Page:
We've been negative on this one for a while, though admittedly wish we were louder into this earnings report. Anyone who thinks that a global company with a portfolio of core cash flow generators layered with younger growth brands could escape the worldwide recession is out to lunch. Now it's time for V.F. Corporation (NYSE:VFC) to play catch up with the rest of their apparel brethren and take their lumps on margins while aggressively cutting inventories.
The Street has cut numbers substantially for the next quarter, but the full year appears to be settling out in the middle of management's provided range of $4.70 to $5.00. We think these numbers are still too high. We're getting to something closer to $4.50.
The inventory clearing process (while ultimately positive for FCF) will hurt gross margins big time over the next couple of quarters. With 50% of the problem lying in the European denim business, we think it will take some time to work through the inventory. Last time we checked there weren't many major off-pricers in Eastern Europe or Scandinavia.
Admittedly, 4Q is still a toss-up at this point given the easy margin and topline compares that resulted from the most volatile shopping season on record - but we don't have the confidence that management can proactively drive the entire portfolio this far out when it has so much on its plate.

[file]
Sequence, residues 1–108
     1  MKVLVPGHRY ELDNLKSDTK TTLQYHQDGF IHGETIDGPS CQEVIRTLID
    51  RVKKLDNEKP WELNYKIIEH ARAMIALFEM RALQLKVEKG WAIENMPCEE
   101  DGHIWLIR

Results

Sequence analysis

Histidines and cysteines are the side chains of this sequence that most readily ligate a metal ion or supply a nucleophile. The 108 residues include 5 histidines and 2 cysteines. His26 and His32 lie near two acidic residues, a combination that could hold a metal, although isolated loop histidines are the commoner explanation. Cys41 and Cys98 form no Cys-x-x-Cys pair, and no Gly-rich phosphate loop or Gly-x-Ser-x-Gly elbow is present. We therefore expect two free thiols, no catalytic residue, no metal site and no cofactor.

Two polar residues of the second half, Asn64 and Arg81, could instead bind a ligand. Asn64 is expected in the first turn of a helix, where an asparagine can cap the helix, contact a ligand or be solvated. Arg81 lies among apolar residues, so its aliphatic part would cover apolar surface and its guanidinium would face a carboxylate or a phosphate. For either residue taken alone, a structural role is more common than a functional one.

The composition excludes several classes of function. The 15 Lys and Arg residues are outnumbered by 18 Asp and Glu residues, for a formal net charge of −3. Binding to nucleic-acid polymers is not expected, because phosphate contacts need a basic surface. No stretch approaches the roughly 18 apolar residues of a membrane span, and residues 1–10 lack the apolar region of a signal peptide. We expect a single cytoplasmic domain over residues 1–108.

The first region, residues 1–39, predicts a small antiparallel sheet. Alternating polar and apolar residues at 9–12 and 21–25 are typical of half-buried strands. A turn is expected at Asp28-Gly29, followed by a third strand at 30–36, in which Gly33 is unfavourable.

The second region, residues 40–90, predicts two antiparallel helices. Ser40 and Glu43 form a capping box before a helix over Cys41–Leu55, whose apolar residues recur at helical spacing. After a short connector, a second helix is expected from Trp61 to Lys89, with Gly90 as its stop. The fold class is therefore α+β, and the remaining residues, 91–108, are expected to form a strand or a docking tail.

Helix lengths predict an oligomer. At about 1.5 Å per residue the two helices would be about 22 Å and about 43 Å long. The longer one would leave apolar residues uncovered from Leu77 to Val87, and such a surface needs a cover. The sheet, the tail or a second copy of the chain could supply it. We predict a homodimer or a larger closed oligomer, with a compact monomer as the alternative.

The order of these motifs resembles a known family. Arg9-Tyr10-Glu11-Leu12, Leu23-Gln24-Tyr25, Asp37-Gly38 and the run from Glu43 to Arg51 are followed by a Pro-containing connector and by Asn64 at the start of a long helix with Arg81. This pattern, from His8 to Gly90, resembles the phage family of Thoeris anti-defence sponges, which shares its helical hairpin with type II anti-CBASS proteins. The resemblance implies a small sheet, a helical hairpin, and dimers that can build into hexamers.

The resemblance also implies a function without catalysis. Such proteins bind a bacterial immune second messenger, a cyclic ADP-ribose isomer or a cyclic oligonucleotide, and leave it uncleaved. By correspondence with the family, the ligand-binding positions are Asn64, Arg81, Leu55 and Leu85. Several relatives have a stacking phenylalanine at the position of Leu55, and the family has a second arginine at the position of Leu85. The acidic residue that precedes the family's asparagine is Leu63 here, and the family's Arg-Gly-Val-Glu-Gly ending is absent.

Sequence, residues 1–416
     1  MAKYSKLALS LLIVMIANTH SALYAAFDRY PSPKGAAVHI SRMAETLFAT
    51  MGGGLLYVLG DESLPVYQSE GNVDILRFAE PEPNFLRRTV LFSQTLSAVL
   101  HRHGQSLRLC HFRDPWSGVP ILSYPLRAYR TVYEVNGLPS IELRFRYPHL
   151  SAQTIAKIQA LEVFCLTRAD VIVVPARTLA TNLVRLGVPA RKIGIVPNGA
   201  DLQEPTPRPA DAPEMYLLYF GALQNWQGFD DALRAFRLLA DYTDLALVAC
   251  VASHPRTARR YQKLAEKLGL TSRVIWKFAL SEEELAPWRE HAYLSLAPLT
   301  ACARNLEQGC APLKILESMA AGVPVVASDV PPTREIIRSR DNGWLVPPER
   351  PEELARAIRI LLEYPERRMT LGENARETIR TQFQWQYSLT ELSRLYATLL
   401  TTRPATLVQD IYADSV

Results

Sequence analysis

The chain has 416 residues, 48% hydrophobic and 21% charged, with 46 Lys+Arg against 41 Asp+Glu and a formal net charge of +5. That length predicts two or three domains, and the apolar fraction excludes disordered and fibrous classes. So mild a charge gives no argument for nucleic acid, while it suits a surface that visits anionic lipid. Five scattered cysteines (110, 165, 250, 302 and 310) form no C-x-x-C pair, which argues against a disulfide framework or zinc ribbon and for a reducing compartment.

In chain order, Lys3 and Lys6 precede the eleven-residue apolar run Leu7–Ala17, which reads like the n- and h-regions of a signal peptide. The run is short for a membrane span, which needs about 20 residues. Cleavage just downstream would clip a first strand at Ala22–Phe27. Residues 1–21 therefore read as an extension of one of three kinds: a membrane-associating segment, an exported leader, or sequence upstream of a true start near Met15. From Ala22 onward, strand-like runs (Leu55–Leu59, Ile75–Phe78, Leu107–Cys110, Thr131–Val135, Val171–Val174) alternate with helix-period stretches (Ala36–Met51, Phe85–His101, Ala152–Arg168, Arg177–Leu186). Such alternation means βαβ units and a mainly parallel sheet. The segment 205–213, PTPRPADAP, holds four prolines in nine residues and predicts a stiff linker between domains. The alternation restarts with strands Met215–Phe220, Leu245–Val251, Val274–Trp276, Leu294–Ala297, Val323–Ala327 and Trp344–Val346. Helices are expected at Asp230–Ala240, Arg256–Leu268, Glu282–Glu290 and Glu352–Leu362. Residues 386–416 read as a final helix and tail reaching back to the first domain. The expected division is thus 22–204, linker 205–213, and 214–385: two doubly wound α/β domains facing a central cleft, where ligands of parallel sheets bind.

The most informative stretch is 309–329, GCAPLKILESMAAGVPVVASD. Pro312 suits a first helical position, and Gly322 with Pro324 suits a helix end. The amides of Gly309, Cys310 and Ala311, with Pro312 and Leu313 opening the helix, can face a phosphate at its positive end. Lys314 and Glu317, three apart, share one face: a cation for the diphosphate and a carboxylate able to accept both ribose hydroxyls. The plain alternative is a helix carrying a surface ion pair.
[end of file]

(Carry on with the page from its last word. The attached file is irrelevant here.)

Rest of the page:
However, a couple of points are clear to us:
- Inventories are coming down (-4% in Q1, should be -10% for the year) but it will take some time to get to manageable levels. Along the way, there will be gross margin pressure that likely persists throughout the remainder of the year. It does not take much GM% erosion to get to management's guidance. But forced inventory reduction could easily take out an extra point or two. Remember, VFC has been an apparel conglomerate for a number of years disguised as a growth company. Meaningful inventory reductions have not been part of the equation here for a long time.
- Newer brands are finally showing signs of weakness as evidenced by a decline in 7 For All Mankind, negative sales in the outdoor segment, and negative mid single- digit comps in the newly-built retail operation.
- Cost savings remains on track, but even cutting $100mm this year cannot offset leverage loss on the top line. This is not the kind of company where it pays to cut costs in a meaningful way. Portfolios of retail past (theJNYs and LIZs of the world) virtually destroyed their respective businesses by cutting too much muscle.
While not the biggest takeaway from the quarter, we found it interesting that 7 For All Mankind reported sales declines, even with new store growth helping to grow the topline. We're not sure if it makes sense to continue to roll out high cost retail flagships when customers don't seem as interested these days in $200+ denim. We realize the brand is still evolving but it's never a great sign when a growth vehicle stops growing. Unfortunately, the success of The North Face is extremely difficult to replicate...
We wonder how quickly VFC can layer on acquisitions to offset the focus and reality of slowing core brands and maturing young brands? Is the long rumored DC shoe deal going to re-emerge? It better... (and at a fire-sale price).
Disclosure: no positions